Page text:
The story is told using a mixture of the art and the writing, often using the writing to delve into some character backstory and history of events – the pacing is slow and allows the world to become ingrained before we learn more about the narrator and the kind of events that have lead to this point. Indeed, there is some satisfaction in the scarcity of revelation; little nuggets we are given which we are able to mesh with revelations further on. It’s not a long read so there’s no trouble remembering important little elements, and a second read through might be worth it to pick up on anything you may have missed.

The writing itself was four out of five because of some inconsistencies over style, sometimes verging into stream of consciousness without punctuation, when really the slow, meandering style it had been using, and which was sometimes elegant, would have sufficed. It could have done with another editor too as it should have been tighter, often losing impact because of a passive voice.

Overall though, it leaves you wanting more, which is always a good sign.

Monday, 16 July 2018

BOOK REVIEW: Rusticles by Rebecca Grandsen

Rusticles was a pleasantly literary read after months and months of genre books, something to wrap my mind around and dig my teeth into. It's a series of short stories interconnected by themes and locations and just a general, overall mood of melancholy, my favourite of which is Dilapidated Flamingo, a story about a boy trying to feed a mysterious flamingo that keeps appearing in his garden. Like the other stories, character is key. There's a mystery or mysterious event occurring, but it's the emotions of the characters that are explored, with the events being catalysts for character development.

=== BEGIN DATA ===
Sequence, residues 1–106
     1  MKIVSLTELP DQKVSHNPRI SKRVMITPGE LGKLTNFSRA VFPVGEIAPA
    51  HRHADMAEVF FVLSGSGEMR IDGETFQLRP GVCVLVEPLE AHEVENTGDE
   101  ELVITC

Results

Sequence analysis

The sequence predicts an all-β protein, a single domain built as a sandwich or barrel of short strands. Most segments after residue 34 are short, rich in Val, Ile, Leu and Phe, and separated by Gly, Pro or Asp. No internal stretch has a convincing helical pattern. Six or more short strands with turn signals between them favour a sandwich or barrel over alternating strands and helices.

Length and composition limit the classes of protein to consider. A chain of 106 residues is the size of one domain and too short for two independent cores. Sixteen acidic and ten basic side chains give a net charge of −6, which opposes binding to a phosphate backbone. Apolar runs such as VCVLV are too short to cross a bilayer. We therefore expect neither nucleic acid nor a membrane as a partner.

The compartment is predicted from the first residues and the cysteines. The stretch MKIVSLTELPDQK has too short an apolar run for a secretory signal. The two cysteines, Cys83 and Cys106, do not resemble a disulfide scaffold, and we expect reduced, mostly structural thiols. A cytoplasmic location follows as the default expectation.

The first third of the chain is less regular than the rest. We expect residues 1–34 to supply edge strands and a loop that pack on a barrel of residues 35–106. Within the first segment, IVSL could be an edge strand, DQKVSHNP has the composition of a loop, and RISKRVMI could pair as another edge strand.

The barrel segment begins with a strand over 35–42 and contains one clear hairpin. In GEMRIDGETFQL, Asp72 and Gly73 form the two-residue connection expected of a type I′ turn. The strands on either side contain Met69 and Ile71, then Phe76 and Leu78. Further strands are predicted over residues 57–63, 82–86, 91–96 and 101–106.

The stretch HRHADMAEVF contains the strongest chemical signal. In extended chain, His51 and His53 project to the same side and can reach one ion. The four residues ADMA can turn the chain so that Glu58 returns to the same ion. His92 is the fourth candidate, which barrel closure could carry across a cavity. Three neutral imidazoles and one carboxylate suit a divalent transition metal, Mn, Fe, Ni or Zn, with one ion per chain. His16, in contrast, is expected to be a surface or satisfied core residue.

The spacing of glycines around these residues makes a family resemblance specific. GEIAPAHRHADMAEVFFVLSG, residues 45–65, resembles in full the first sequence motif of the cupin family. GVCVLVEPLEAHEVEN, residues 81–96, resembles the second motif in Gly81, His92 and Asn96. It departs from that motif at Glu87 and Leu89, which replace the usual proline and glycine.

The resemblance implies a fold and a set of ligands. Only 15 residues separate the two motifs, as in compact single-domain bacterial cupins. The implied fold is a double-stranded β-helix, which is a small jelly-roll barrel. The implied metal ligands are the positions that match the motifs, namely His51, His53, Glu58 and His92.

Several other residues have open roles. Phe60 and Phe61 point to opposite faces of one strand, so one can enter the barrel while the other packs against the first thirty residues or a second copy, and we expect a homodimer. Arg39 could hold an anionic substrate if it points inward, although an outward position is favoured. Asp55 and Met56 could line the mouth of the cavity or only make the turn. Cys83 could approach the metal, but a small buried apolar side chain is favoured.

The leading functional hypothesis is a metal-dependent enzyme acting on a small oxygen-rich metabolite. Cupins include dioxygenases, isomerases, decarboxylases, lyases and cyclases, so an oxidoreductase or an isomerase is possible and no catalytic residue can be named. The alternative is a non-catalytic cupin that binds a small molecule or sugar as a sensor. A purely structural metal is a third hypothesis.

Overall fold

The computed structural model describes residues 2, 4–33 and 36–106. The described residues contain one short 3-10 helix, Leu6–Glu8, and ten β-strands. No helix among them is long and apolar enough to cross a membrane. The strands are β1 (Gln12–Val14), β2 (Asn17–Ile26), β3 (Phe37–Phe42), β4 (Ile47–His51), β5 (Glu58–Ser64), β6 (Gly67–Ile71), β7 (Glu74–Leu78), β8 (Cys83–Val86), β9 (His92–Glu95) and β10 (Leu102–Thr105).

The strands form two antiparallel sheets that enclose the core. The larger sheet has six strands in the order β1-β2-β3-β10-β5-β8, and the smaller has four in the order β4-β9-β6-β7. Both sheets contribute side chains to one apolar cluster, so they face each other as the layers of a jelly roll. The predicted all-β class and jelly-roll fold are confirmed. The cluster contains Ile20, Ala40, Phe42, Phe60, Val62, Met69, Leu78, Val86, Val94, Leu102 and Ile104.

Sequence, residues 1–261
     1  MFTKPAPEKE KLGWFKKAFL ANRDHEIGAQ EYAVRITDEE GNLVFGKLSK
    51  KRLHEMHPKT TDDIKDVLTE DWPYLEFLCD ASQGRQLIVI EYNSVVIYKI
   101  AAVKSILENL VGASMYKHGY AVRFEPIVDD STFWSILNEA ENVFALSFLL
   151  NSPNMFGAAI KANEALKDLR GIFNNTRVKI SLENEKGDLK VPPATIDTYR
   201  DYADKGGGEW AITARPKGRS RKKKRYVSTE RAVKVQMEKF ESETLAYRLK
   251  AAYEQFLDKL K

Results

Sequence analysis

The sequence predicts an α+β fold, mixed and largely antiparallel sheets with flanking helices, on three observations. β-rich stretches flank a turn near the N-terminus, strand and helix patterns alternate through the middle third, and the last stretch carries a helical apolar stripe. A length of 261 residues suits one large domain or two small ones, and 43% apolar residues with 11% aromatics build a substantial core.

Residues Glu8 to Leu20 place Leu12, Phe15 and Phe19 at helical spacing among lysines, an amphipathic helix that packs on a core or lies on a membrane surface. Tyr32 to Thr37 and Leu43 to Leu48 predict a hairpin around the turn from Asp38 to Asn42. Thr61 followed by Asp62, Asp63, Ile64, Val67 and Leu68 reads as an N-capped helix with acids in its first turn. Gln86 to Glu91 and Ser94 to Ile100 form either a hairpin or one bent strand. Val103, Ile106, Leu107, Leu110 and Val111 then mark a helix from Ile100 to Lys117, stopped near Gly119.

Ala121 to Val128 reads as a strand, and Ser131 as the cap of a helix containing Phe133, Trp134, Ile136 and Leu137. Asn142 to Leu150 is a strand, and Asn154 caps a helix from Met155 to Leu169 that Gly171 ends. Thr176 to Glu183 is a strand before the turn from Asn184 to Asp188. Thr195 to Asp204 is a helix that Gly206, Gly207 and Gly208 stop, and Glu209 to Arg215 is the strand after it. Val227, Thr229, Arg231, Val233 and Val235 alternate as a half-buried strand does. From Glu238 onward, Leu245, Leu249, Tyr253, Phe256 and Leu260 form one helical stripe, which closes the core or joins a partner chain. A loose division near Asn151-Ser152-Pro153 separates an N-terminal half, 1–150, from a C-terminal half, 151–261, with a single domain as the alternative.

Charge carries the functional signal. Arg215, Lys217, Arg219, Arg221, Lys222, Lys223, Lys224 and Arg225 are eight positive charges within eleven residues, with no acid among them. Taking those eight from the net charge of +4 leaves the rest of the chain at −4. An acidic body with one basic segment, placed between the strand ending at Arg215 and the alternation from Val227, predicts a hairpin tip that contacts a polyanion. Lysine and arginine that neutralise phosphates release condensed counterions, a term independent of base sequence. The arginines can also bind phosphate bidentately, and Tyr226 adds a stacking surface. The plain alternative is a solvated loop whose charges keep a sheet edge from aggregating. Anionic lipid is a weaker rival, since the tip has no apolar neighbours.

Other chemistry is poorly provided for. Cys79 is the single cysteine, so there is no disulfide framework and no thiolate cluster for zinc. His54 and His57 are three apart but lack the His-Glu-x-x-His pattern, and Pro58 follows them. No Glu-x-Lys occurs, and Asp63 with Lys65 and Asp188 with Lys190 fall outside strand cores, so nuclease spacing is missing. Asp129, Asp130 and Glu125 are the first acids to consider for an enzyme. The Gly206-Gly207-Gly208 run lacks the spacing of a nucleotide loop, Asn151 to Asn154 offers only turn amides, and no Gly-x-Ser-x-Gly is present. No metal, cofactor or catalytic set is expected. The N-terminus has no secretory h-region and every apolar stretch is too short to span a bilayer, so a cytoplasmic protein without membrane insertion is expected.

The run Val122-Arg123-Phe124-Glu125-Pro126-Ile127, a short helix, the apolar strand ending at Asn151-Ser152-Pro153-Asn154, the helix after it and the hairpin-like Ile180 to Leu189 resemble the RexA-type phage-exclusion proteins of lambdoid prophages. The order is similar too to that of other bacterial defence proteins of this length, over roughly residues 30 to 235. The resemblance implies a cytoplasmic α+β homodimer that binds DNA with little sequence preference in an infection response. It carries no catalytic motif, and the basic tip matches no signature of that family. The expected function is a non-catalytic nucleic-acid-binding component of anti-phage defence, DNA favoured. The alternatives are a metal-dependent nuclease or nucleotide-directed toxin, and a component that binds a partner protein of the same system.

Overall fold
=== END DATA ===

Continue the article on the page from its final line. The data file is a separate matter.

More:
"I'm starting to think it knows I'm watching. I was at my window and it appeared from beneath, like it had been hovering around the backdoor waiting for its moment. It opened its wings right there, waving them around a little, putting on a show. Its feathers were all bent and drooping and its neck looked like someone had kicked it sideways. The flamingo proceeded to prance around the decking, its faded pinkness and rotten skinned legs making me feel sorry for it."

I don't want to talk too much about the stories, because each one is like a little gem waiting to be mined and best discovered on a one-to-one basis. What's paramount is the writing, and the confidence to take risks with it (one story has no punctuation but has a wonderful rhythm). Early on there was a vague feeling of the writing riding the cliff-edge of trying too hard, but you soon realise there is a solid understanding of how to develop a sentence or a paragraph. The writing is tight, pleasingly devoid of passive tense, and when you get a long, complicated sentence, it's followed by some shorter ones. The prose rises and falls poetically.

Check it out!

Thursday, 12 July 2018

A Darkling Plain (The Hungry City Chronicles, #4) by Philip Reeve

I gave the first three books 4-stars (exciting but with thin characters) and half-way through A Darkling Plain was of a mind to give this 5-stars, to acknowledge the worldbuilding and story aspects that spanned all the books, even though it struggled with the same problems. (See what I did there, Philip? 'Even though it struggled' instead of 'even though it was struggling'.) The final third of the book cemented a begrudging 3-stars, it was just terrible. 

Before I even talk about the story and characters, I have to mention the writing, or perhaps that should be the editing, or its lack of editing. Throughout the series, the writing was solid enough if nothing spectacular, and rarely distracting. For a while I even thought the quality had gone up in A Darkling Plain, but like the story, it seemed to collapse in the final third. Packed with action, yet filled with passive tense - these lines should be URGENT and TAUGHT but instead were weak and lazy.

"The Stalker's robes began to burn. Lightning was crawling across her calm, bronze face..."